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Published March 1992 | public
Journal Article

Monopoly Pricing and Regulatory Oversight


This paper analyzes the interaction between a regulator and monopolist in the determination of the price for the monopolist's product, where only the monoplast knows ex ante its true marginal cost of production. The regulator observes the market price proposed by the monopolist and decides whether to hold a rate hearing, where suck a hearing is a costly means of verifying the monopolist's marginal cost. Subsequent to a rate hearing, the regulator can impose a market price for the monopolist's product; in the absence of a rate hearing, the market price is set equal to the monopolist's proposed price. Equilibrium behavior by the monopolist and regulator is characterized, and the degree of regulatory "activism," as defined by the probability a rate hearing is held, is seen to vary ex post with the monopolist's true marginal cost.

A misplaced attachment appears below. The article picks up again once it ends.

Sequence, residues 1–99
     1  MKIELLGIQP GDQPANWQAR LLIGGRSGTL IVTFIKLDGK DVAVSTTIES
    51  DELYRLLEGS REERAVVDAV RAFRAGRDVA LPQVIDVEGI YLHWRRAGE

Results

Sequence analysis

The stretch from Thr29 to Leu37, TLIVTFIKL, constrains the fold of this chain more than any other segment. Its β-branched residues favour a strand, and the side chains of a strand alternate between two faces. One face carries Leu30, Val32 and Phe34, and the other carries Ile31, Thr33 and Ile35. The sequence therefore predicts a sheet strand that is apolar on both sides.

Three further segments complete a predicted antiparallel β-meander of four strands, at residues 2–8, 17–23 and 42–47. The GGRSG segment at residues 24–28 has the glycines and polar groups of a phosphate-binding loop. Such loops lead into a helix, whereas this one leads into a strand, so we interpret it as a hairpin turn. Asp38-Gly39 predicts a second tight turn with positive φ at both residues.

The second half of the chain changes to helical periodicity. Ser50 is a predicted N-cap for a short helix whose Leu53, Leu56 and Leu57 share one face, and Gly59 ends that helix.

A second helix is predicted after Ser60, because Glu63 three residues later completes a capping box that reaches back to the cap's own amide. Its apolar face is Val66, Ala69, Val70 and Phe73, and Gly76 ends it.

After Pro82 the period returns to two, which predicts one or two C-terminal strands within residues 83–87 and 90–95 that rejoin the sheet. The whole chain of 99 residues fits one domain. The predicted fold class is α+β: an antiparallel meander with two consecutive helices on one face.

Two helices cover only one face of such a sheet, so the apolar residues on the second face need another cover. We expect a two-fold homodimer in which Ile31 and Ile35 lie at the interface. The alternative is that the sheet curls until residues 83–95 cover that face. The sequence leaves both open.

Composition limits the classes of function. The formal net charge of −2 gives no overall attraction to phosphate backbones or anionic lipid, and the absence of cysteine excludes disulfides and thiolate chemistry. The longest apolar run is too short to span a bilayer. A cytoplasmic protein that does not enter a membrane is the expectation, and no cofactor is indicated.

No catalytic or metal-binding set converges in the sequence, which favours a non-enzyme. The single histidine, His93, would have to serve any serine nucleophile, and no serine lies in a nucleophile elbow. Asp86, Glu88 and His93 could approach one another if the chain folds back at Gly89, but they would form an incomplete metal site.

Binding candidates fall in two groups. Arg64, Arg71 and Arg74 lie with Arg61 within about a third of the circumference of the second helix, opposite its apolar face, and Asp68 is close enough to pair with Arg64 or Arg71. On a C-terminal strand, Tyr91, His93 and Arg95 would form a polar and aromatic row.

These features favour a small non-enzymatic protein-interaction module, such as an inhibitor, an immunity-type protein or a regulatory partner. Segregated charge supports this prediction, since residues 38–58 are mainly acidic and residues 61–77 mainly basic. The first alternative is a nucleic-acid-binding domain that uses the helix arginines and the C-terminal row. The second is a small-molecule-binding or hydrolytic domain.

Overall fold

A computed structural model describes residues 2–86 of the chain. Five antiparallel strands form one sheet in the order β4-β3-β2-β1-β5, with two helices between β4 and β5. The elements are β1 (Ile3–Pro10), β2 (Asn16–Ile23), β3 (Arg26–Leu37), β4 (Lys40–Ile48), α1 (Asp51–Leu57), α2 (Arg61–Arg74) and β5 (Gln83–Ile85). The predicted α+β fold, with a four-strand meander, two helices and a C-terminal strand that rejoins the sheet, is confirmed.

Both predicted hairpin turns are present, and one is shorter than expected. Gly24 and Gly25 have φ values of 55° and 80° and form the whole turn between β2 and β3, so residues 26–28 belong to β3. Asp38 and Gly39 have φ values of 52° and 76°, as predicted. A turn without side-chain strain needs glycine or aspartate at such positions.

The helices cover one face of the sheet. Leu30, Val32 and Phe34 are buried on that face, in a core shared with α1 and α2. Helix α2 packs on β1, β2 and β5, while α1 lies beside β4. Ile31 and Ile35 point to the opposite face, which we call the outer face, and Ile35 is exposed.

Additional Information

© 1992 John Wiley & sons. This is a revised version of an earlier article titled "Regulatory Auditing without Commitment." I would like to thank seminar participants at Carnegie-Mellon, the University of Pennsylvania, the Hoover Institution, and the University of Toronto for comments. I would especially like to thank Dan Spulber, and an anonymous referee of this journal, for numerous helpful suggestions. Financial support from the National Science Foundation and the Sloan Foundation is also gratefully acknowledged.

Additional details

August 20, 2023
October 18, 2023